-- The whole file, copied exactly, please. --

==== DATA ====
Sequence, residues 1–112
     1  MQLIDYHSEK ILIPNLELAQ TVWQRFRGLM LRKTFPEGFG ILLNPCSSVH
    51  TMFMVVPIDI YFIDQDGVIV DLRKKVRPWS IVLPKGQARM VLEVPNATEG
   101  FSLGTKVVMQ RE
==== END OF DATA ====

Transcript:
Sequence, residues 1–112
     1  MQLIDYHSEK ILIPNLELAQ TVWQRFRGLM LRKTFPEGFG ILLNPCSSVH
    51  TMFMVVPIDI YFIDQDGVIV DLRKKVRPWS IVLPKGQARM VLEVPNATEG
   101  FSLGTKVVMQ RE